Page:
We are examining the impacts of various climate forcing mechanisms to provide a physically based criterion for assessing the ability of global climate models to predict drought in California, helping to narrow the uncertainties of predicting future precipitation changes. This work can inform future climate adaptation programs within DOE relevant to their science and energy goals.
Accurate prediction of future drought risks is crucial for planning and adapting California’s water supply to ensure food and water security and protect natural resources. Resource experts, including municipal, agricultural, and ecological decision makers, rely on model predictions of the conditions expected in the coming decades to plan infrastructure and policy methods of adaptation. Such efforts are currently hindered by the considerable uncertainty in model projections of California’s precipitation over the coming decades. Narrowing the uncertainties related to future precipitation changes is one of the key factors that can help evaluate the likelihood of extreme droughts in the future. In our recent work, we have shown that California precipitation is sensitive to changes in the inter-hemispheric energy balance. This means that hemispherically asymmetric climate forcing or feedbacks can trigger precipitation changes over California and the U.S. southwest (see figure). Consequently, incorrect anthropogenic aerosol or volcanic forcing loading in climate model simulations, or incorrect representation of high-latitude sea ice loss can lead to erroneous predictions of California precipitation. We propose to understand the role of inter-hemispherically asymmetric climate mechanisms in California’s hydroclimate, and the changes they induce in tropical Pacific atmospheric circulation that affect precipitation in California. We intend to examine the impacts of various asymmetric climate forcing mechanisms (e.g., volcano eruptions and aerosols) on California’s precipitation in different models and simulation types. In addition, we will reconstruct California’s climate history over the last 2,000 years and correlate it with global sites that record the tropical changes and their effects. Our work will provide a physically based criterion for assessing the ability of global climate models to predict future drought in California, helping to narrow the uncertainties of predicting future precipitation changes.
Our proposed research will ultimately enable assessment of the impacts of forcing uncertainties on projected precipitation changes over California, as well as provide a physically based criterion for ranking climate model projections based on their expected ability to accurately capture California’s future droughts. We expect to produce the first long, high-resolution reconstruction of California's pre-anthropogenic precipitation, laying the foundation for describing the paleoclimate history of the western United States at sub-decadal scales, with reconstruction of natural regional patterns of climate variability such as El Niño Southern Oscillation and the Pacific Decadal Oscillation. We intend to perform analysis of historical simulations forced with two different volcanic data sets in a single-model framework, as well as analysis of historical simulations and future projections. We will further examine and model Mono Lake records and correlate times of extreme wet and dry change at California's Mono Lake to the records from the Santa Barbara Basin and the Cariaco Basin located on the northern continental shelf of Venezuela. We will also verify and further understand the links inferred from the paleontology data using results from model simulations. Our research could eliminate or downscale less-reliable model projections, helping to reduce the range of projected precipitation changes for California. Reduction in uncertainty is of considerable importance for climate resiliency and adaptation efforts because it provides information on the quality of the worst-case scenario. Better understanding of the likelihood of future mega-droughts can strongly benefit existing climate resiliency and security efforts.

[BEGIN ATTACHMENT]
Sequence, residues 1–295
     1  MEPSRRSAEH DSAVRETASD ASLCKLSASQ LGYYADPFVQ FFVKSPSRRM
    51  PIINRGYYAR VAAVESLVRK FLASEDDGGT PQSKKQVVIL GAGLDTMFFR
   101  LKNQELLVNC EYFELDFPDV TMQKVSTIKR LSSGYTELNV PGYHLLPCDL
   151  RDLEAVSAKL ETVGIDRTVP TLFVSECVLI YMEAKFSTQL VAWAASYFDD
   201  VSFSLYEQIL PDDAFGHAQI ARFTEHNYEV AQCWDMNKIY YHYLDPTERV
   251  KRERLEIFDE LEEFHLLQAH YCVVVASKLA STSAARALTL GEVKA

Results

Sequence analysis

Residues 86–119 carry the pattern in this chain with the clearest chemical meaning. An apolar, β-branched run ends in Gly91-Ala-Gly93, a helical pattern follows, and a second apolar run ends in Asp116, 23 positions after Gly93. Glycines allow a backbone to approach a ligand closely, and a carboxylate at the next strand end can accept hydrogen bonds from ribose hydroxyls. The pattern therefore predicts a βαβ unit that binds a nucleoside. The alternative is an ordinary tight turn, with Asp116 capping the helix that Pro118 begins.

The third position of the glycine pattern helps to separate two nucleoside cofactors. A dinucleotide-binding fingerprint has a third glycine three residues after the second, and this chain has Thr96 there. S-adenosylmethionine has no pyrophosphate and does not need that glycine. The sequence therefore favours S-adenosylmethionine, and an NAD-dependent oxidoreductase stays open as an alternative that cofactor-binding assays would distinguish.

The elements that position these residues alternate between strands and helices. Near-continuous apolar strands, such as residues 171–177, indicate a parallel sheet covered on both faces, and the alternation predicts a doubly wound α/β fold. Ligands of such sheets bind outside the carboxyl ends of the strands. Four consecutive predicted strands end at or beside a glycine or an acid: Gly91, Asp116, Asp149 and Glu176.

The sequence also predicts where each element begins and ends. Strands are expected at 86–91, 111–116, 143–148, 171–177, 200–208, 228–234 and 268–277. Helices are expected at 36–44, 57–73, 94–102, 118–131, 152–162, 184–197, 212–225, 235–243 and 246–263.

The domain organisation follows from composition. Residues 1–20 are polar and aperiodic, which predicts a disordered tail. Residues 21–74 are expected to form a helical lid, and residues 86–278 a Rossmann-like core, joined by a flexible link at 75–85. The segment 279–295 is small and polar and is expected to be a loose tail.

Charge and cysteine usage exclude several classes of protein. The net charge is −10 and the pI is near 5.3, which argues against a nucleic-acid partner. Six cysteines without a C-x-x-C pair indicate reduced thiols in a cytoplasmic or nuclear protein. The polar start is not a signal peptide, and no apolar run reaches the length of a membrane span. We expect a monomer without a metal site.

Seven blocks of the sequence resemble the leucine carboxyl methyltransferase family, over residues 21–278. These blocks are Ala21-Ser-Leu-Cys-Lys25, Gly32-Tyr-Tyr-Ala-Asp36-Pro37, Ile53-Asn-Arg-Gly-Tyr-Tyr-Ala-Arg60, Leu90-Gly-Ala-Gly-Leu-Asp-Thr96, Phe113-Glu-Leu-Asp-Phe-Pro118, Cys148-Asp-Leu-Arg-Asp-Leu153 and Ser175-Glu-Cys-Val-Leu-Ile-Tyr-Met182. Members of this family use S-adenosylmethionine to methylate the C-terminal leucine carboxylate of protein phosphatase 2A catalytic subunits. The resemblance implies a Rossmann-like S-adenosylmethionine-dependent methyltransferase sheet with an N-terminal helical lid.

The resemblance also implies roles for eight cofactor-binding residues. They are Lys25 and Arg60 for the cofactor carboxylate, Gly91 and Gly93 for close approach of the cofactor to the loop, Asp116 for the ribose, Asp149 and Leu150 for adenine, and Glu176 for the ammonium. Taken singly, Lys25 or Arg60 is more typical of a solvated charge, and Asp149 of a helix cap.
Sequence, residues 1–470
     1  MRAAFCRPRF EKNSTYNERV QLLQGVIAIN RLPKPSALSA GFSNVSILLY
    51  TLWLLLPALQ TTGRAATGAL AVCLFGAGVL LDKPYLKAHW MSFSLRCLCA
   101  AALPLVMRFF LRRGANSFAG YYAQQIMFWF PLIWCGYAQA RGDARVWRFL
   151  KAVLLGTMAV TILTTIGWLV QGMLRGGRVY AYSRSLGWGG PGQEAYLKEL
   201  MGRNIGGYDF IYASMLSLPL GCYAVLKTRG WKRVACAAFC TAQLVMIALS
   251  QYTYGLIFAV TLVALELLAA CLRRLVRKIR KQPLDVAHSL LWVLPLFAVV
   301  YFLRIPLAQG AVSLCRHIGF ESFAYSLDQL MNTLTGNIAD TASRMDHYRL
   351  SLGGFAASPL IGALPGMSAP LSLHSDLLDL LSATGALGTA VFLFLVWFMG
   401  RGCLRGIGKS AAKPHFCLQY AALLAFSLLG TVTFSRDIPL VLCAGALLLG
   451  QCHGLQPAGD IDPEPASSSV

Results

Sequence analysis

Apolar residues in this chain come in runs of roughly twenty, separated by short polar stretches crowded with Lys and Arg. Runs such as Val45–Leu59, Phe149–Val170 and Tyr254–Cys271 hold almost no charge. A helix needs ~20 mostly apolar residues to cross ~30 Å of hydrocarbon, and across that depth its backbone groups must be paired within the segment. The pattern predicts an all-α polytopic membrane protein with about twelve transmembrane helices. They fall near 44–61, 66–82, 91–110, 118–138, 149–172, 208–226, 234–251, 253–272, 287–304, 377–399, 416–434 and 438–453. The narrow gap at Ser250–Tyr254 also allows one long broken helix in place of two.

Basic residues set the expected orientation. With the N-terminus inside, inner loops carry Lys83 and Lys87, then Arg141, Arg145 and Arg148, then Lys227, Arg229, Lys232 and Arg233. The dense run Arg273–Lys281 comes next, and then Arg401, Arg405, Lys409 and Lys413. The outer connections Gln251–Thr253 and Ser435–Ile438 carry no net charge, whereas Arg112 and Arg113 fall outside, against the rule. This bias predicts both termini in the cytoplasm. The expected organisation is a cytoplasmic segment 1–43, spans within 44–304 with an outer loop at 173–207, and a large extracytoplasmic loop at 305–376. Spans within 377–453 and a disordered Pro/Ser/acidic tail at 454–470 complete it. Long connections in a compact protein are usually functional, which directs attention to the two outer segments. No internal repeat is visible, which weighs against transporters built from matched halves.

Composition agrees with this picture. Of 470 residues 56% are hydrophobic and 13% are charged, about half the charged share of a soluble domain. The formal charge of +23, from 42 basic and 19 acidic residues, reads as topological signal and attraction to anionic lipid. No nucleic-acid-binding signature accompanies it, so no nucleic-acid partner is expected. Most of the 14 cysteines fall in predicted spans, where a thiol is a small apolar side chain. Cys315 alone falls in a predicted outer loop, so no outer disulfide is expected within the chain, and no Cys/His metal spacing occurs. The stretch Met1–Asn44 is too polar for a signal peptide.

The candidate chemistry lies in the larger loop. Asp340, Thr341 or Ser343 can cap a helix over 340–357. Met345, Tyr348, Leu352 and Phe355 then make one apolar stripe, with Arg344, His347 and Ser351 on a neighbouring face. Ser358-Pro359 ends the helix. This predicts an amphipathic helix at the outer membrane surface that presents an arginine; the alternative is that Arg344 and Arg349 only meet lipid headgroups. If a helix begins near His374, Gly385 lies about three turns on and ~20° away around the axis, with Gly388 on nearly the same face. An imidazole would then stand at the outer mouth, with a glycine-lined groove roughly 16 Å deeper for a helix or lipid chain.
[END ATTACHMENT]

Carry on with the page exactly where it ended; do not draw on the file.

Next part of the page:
The project outcomes will directly contribute to Lawrence Livermore's goal of improved resiliency to climate change in the mission focus area of energy and climate security, and will form a basis for future climate adaptation programs within DOE relevant to their science and energy goals. This work leverages unique Livermore capabilities in climate modeling and model analysis, in support of the core competency in high-performance computing, simulation, and data science.
In FY17 we (1) measured preliminary geochemistry records for the Mono Basin sediment cores and began additional high-resolution analysis, (2) constructed a preliminary age model for those cores, (3) identified an intertropical convergence zone fingerprint from an ensemble of millennium climate runs forced with volcanic activity, (4) used the fingerprint to track intertropical convergence zone shifts in a large variety of all- and single-forcing runs of climate change for various time periods, and (5) completed the geochemical records and initial examination of pollen dating techniques, and separated the impact of individual climate forcing on intertropical convergence zone location.
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